The Koch-backed groups also said that Congress should repeal the Jones Act, which requires goods shipped between U.S. ports to be transported on vessels that are domestically built, crewed, and owned.
By Doina Chiacu and Caren Bohan WASHINGTON, June 4 (Reuters) – Groups backed by powerful Republican donors Charles and David Koch said on Monday they will champion free trade and oppose tariffs with a multimillion-dollar campaign that puts them on a collision course with President Donald Trump.
The embrace of free trade principles by major Republican donors comes as Trump pursues aggressive measures against trading partners from China to Canada and U.S. allies in Europe, in line with his campaign pledge to pursue better trade deals.
An infusion of money into media, grassroots mobilization, lobbying and policy analysis into the domestic debate on free trade could embolden Republican candidates in the November congressional elections to part ways with the president on the issue.
Republican lawmakers, already grumbling about some of Trump’s trade initiatives, outright condemned the Commerce Department announcement last week on impending tariffs on steel imports and aluminum to be imposed on the European Union, Canada and Mexico.
In a statement, the Koch-backed groups said they would push Trump to lift those steel and aluminum tariffs, the recent tariffs on solar panels and washing machines as well the proposed tariffs for imports from China.
“The Trump administration has taken some incredibly positive steps for the American economy, but tariffs will undercut that progress and needlessly hamstring our full economic potential,” said Tim Phillips, president of Americans for Prosperity, a Koch advocacy group.
The groups said they would advocate that Trump reduce or eliminate trade barriers by modernizing the North American Free Trade Agreement (NAFTA) and returning to the negotiating table on the Trans Pacific Partnership (TPP).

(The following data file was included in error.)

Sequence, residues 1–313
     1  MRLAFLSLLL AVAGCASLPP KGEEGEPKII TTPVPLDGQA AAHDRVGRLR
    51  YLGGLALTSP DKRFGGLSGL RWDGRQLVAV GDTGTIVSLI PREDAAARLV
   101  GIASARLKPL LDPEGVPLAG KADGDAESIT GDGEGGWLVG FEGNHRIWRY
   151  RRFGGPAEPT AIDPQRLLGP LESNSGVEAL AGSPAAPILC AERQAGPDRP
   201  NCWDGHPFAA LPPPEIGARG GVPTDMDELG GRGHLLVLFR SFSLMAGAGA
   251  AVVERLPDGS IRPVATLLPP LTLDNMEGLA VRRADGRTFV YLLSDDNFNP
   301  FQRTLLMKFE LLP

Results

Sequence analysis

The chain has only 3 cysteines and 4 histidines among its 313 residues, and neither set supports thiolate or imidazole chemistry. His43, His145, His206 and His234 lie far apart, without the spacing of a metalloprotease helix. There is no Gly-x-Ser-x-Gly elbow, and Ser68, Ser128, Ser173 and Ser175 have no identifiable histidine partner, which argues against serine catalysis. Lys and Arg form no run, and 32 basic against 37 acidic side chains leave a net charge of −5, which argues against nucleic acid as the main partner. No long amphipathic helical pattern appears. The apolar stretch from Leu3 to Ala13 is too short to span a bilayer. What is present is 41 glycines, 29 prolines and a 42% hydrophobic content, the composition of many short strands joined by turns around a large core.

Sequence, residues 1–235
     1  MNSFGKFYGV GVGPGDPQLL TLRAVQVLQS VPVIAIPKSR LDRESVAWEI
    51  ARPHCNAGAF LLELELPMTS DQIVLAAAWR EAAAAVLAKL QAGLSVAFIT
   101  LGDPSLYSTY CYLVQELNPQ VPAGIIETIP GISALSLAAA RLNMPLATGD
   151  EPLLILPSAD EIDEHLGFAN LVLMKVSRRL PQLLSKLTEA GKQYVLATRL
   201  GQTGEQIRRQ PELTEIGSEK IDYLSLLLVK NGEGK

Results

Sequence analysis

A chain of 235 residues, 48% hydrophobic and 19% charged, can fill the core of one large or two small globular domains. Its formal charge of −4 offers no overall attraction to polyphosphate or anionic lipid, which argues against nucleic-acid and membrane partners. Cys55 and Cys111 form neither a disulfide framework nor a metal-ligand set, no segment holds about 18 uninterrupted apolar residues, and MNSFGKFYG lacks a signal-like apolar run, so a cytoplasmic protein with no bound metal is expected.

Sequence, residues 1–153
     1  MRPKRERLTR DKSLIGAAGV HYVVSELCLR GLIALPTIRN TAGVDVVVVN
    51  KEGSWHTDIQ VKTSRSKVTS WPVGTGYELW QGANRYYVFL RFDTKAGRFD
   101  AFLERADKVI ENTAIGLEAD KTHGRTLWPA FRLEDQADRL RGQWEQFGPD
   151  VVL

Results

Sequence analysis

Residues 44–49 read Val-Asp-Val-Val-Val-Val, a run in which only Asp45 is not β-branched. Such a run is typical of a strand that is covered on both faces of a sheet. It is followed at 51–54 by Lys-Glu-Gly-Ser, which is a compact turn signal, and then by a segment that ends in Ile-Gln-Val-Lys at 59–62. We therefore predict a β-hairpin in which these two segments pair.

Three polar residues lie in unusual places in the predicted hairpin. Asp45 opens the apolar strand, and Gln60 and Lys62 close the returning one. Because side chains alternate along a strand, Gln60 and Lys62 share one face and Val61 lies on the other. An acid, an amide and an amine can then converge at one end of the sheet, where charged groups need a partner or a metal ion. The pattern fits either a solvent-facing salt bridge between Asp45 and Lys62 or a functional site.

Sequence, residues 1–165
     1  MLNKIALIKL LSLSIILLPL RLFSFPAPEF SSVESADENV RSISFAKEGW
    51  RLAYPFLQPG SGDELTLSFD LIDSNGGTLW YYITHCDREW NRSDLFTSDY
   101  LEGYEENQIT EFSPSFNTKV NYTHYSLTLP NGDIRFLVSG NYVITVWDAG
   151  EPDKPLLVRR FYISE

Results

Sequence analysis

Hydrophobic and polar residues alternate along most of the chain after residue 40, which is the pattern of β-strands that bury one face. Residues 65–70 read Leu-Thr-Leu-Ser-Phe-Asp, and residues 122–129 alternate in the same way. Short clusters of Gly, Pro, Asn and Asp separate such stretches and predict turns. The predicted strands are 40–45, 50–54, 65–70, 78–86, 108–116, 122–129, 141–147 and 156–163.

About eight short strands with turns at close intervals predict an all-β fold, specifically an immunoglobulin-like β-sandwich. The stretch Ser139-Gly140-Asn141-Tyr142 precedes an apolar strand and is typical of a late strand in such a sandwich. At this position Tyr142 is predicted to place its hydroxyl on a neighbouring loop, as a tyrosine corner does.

Congress should abolish farm subsidies on crops, commodities and crop insurance and end subsidies for green energy as well as repeal the “buy America” requirement and the Jones Act, which requires goods shipped between U.S. ports to be carried on ships that are domestically owned.
The Koch-funded Freedom Partners Chamber of Commerce and the LIBRE Initiative are also involved in the initiative.
The billionaire Koch brothers have been a force in American politics since the 1980s. Their influence has largely been powered by a fortune centered on Koch Industries, the second-largest privately held company in the United States with annual revenues of more than $115 billion from interests in energy, chemicals and other sectors.
During the 2016 presidential campaign, the Kochs kept their distance from Trump. Charles Koch spoke out against Trump’s proposed Muslim registry, invoking a comparison to Nazi Germany.
The Koch network did not actively campaign against Trump in the 2016 Republican presidential primary or pour money into his campaign against Democrat Hillary Clinton. By contrast, the Koch network spent more than $120 million in the unsuccessful 2012 effort to defeat President Barack Obama.
After the 2016 election, however, the Kochs found common ground with the new Republican president on issues including rolling back federal regulations and pulling out of the Paris global climate accord.
“This campaign makes a clear statement: Trade is a major priority for our network. We will work aggressively to educate policymakers and others about the facts,” said James Davis, executive vice president of Freedom Partners. (Reporting by Doina Chiacu and Caren Bohan; editing by Jonathan Oatis)
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